04 May 2010 ~ A 'rant' from Justin the conscientious realator...



(But remember ~ Justin is in Colorado- things are a bit different here in the North East…but not much…)


Hybridize Your Home!

‘Hybridize Your Home’ is a term that I like to use to describe the path to alternative energy because it seems like so many think that energy efficiency is still the realm of granola-eating hippies at the one end, and the changing of a few light bulbs at the other.  Hybridized makes us think of smart neighbors that drive a Prius and have Scandinavian designed computer bags.  Also, hybridization implies multiple systems functioning simultaneously, or trading off when it is better for one to work than the other.  Which is perfect for describing how we can improve the value, livability, and carbon footprint of our homes.

I raise hybridization and alternative energy with you as your Realtor because it is fundamentally tied to the cost of your home, and the long-term enjoyment and comfort of that home.  (As always, email me at justinchipman@kw.com or give me a call at 303-955-4618 for specific information about your home, or to schedule a free consultation).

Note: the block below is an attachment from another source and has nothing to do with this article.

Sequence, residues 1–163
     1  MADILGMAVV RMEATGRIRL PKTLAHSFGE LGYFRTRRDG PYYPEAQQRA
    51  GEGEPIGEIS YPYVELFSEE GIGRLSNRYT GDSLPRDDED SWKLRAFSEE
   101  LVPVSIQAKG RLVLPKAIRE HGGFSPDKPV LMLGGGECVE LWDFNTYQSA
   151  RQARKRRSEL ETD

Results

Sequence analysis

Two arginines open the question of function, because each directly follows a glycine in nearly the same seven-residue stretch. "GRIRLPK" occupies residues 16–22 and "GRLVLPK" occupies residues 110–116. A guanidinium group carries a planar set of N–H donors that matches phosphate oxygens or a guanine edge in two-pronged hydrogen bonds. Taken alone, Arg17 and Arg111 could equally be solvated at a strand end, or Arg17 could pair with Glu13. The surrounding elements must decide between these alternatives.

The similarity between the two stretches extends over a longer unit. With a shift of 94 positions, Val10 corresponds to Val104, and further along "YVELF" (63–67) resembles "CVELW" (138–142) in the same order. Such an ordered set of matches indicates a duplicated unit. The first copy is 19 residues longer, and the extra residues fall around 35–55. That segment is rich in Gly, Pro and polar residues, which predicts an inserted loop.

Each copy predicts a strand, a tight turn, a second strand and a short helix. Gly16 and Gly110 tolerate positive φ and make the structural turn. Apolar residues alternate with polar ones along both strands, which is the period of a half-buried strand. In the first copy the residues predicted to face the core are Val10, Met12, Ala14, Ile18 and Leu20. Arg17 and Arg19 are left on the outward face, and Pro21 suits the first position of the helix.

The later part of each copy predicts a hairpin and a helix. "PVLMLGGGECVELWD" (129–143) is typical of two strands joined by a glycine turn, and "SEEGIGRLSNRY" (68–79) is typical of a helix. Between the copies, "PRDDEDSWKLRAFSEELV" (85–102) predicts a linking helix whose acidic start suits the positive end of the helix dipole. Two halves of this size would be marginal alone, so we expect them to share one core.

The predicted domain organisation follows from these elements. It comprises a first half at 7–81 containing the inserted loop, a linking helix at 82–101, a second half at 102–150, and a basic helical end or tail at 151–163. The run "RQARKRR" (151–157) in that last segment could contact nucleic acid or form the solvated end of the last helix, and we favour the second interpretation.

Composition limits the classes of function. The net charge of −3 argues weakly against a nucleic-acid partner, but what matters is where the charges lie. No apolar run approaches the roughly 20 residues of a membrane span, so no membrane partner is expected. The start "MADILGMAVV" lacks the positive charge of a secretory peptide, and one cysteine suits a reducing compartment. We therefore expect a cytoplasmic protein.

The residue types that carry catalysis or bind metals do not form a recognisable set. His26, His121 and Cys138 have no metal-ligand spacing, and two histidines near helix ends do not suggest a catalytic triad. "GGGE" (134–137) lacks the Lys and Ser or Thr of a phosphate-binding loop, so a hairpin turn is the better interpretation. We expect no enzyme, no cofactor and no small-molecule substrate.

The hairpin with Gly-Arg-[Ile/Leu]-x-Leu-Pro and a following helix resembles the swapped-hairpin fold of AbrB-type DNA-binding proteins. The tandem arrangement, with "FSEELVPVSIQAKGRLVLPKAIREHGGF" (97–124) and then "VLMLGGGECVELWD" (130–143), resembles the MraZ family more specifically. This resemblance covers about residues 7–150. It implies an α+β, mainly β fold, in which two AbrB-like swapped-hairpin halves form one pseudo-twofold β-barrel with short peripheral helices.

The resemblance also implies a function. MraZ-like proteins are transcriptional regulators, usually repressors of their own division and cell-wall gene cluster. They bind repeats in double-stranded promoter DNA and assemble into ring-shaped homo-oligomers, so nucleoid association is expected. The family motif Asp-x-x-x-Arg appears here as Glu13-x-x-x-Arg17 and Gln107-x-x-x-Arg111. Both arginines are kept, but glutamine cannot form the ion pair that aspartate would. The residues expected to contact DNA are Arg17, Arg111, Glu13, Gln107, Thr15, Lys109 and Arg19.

Because it is beyond the scope of an email, let me give you ten quick ideas to think about alternative energy and the direction that you need to take to maximize the use of your dollars, and to minimize the cost of living and the energy that you use.

As a general rule, lower your consumption through efficiency and smart choices, then look to the sun.  Here are some important steps.

1.  Look at your energy bill!  Most people just see the shocking number at the bottom, but you need to look at the breakdown between gas (or oil) and electricity.  Chances are that, if you are in Colorado, you spend vastly more on gas (North East = Oil) than you do on electricity.  Also, it is important to remember that the energy company is a privately owned, for-profit business.  By law they seek to maximize their profits, which means they want for you to spend as much as you can.  See them as a direct competitor for your money, so they are not a reliable source when you have questions about how to minimize your energy needs.